Here’s an example. I make a sale on a diamond with another dealer/member of the trade. Let’s say he wants to buy a diamond from me for $5,000. I agree to the price and we make a mazl. That means that I can’t go back on my decision and neither can he. So even if I am still holding the stone and another dealer or retail customer offers more, I can’t sell it to someone else. And in the buyer’s case, if he changes his mind or decides that he doesn’t need it the next day – it’s too late. It’s a DONE DEAL.
Some customers definitely don’t understand this. It’s often referred to as “buyer’s remorse” but sometimes I see it the other way around – like “seller’s remorse”. I take a risk when I buy. What if gold or silver goes down? What if the diamond market collapses? Or if the diamond is chipped under a prong, or not the color or carat weight that I thought it was? In any of these cases, I took the risk!
Let’s take the flip side. If gold goes down, should I call all of my customers and ask them to write me a check for the money I lost from when it was bought? If a diamond comes back from the lab at a different grade than I thought, can I go back on the deal? The answer is no, I wouldn’t do that – and customers shouldn’t either. Whether you are in my business or not, when you make a deal and shake hands, it’s done. To go back on the deal, ask for a price increase or change the terms of the deal, takes a lot of a CHUTZPAH!
Posted on | December 22, 2014 | No Comments
Each year I give a Diamond Market Report where I explain what’s happening in the diamond world and where I think market trends and prices will be. As I read over my report for 2013 it seems that 2014 was a very similar year with all trends continuing on the same path. Colored and larger diamonds are strong, average diamonds are moving, and small diamonds (melee) are relatively weak. CLICK HERE TO READ MY 2013 DIAMOND MARKET REPORT.
So this year, I decided to give a report on the state of the JEWELRY industry. Not necessarily on fashion – like what’s hot and whats not, but more on what business decisions need to be made for jewelers and diamond dealers. This year was a pretty difficult year, and 2015 will be just as challenging for jewelers on the retail and wholesale level.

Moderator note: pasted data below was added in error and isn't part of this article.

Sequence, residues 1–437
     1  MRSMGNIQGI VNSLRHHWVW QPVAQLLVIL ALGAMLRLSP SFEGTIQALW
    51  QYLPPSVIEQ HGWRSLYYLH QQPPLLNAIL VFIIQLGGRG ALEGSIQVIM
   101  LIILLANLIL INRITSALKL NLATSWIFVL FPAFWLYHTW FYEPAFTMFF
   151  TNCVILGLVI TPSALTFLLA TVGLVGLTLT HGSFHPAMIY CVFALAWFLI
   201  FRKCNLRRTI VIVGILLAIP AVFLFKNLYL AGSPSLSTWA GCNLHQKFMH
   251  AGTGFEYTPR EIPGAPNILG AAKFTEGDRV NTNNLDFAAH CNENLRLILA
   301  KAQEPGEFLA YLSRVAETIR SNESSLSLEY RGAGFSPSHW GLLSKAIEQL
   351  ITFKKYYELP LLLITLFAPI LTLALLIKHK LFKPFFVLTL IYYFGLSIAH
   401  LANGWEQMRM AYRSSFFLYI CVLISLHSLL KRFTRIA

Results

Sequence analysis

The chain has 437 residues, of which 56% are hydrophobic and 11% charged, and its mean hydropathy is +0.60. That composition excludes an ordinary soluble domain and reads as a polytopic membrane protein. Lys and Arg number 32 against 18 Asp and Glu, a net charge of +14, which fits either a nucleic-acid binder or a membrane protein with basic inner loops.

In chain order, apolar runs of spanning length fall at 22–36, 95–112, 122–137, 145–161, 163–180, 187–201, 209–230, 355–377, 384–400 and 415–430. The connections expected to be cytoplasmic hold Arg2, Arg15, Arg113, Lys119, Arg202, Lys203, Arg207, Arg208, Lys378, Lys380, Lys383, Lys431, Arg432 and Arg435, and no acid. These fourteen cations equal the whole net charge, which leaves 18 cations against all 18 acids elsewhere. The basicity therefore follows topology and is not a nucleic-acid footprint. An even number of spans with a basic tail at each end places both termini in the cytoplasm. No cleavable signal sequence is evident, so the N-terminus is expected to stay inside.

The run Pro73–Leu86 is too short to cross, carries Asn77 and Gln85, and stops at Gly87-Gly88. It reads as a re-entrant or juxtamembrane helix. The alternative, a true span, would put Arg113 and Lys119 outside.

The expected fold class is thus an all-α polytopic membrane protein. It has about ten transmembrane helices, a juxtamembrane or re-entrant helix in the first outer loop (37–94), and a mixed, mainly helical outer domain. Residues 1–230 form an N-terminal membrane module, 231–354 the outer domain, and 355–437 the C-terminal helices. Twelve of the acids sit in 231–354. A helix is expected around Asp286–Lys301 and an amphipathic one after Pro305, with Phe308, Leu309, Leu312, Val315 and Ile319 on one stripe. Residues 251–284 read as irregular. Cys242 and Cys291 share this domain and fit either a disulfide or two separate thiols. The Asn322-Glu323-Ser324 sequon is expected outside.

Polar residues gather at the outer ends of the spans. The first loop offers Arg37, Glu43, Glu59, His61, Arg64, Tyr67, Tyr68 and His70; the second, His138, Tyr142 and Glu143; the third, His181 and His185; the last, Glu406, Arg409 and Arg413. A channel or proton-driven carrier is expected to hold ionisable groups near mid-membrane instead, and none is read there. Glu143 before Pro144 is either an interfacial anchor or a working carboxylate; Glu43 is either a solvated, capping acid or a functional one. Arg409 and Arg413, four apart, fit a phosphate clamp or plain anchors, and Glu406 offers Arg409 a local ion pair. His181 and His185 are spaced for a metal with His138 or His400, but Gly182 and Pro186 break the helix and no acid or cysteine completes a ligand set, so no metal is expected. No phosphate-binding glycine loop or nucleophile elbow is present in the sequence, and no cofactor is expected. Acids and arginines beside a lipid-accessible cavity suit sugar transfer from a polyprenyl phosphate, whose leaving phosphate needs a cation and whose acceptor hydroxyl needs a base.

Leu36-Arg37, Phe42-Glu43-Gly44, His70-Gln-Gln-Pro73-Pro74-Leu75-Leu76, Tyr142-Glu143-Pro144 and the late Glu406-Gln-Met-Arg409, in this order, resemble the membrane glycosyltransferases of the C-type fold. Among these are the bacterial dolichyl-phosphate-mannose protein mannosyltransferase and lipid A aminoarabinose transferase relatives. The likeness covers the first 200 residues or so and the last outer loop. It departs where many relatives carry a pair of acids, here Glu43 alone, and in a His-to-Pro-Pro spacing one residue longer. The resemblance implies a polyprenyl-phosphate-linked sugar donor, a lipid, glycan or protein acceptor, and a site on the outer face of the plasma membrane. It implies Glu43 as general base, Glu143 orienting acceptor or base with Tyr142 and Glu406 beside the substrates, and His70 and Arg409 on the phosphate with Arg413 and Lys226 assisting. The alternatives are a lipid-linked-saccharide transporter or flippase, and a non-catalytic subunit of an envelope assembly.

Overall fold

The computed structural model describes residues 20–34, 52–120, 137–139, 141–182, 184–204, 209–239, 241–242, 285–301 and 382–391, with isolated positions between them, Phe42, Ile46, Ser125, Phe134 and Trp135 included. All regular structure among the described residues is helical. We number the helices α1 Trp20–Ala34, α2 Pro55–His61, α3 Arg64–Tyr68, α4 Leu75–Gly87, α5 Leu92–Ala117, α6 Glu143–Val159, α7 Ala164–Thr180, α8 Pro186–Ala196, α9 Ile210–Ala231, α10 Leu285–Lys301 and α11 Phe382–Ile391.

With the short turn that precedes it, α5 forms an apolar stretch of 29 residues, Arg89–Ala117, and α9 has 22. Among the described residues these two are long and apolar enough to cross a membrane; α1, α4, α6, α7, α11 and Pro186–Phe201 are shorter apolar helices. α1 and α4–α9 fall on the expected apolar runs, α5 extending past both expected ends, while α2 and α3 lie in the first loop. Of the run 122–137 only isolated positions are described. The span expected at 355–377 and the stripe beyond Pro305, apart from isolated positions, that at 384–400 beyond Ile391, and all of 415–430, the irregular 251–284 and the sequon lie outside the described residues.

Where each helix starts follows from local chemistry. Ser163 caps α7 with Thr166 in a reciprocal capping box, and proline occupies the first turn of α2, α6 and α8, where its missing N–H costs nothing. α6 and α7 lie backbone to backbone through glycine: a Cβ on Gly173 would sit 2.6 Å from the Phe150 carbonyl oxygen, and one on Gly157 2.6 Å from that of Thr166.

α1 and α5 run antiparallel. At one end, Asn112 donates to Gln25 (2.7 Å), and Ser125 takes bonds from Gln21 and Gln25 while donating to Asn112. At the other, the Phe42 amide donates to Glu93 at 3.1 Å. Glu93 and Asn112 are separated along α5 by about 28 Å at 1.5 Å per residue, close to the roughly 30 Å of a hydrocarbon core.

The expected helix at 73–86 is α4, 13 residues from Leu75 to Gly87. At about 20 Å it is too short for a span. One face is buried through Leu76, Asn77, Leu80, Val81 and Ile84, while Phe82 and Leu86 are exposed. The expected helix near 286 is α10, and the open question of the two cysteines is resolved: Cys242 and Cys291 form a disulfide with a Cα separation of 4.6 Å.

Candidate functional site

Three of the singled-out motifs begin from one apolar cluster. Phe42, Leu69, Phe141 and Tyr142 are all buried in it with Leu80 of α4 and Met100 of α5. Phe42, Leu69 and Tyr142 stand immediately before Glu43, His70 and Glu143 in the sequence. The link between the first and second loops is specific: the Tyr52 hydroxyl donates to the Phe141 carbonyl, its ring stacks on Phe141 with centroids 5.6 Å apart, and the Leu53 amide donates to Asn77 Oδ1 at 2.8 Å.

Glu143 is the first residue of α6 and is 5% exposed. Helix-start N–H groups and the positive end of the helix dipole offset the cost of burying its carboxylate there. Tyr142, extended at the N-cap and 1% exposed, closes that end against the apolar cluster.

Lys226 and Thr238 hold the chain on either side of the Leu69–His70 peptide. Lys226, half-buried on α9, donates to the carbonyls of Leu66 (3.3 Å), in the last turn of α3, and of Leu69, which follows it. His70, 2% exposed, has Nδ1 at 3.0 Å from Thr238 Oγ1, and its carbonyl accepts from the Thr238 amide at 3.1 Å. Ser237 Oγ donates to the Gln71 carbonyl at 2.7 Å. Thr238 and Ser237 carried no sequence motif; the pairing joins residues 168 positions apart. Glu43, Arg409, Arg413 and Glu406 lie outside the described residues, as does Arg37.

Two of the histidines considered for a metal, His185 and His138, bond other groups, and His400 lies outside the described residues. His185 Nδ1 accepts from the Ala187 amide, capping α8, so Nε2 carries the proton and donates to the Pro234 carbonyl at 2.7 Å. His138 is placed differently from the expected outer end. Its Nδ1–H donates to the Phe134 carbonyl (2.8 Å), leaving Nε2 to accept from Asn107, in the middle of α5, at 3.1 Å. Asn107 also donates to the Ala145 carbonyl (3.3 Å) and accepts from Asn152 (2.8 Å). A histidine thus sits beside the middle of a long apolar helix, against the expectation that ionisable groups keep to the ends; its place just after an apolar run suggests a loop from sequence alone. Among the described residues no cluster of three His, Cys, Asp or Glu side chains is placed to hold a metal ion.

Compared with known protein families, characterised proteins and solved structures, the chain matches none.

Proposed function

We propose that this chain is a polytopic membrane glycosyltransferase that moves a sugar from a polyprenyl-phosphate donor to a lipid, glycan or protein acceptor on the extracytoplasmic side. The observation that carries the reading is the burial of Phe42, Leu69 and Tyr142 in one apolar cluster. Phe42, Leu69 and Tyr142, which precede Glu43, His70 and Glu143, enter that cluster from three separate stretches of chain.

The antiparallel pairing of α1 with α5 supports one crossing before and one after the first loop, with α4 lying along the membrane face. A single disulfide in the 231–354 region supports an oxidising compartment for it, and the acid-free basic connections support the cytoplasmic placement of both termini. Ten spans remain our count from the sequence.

What’s changed in the past 10 years? Why can’t the average jeweler compete these days?
Yes the net has taken the jewelry industry for a big spin. It took a little while, but retailers and now wholesalers are having a hell of a time figuring out how to add value. First, it was “you can’t buy a diamond online” – it worked a little. Now, it just doesn’t fly as well. Sure people want to touch and feel their jewelry, but a 25-30 year old guy who can get a good value in one click and return it if it’s not right? That’s a hard one to compete with in 2014. So what’s the key? RELATIONSHIPS. You can’t get that at Blue Nile. You’re just a number and then you go into a marketing funnel at that place. So jewelers have to provide some value beyond a good price, and it can be done. Samuelson’s Diamonds is coming out with a new website in the first quarter of 2015 that will really tap into what local buyers are looking for.
CASH FLOW AND INVENTORY LEVELS
This is an especially tough one for jewelers and maybe even more so for diamond wholesalers. What do you do with all of the goods you bought that are sitting? What does a wholesaler do with a large amount of diamonds that a bank won’t lend them money on? The problem is that banks don’t understand what jewelry is worth, so they can’t lend aggressively on goods. I believe this problem can be solved, but I will say that TURN is going to be a key to survival this year. Don’t stock items you can’t sell.
METALS AND COMMODITY PRICES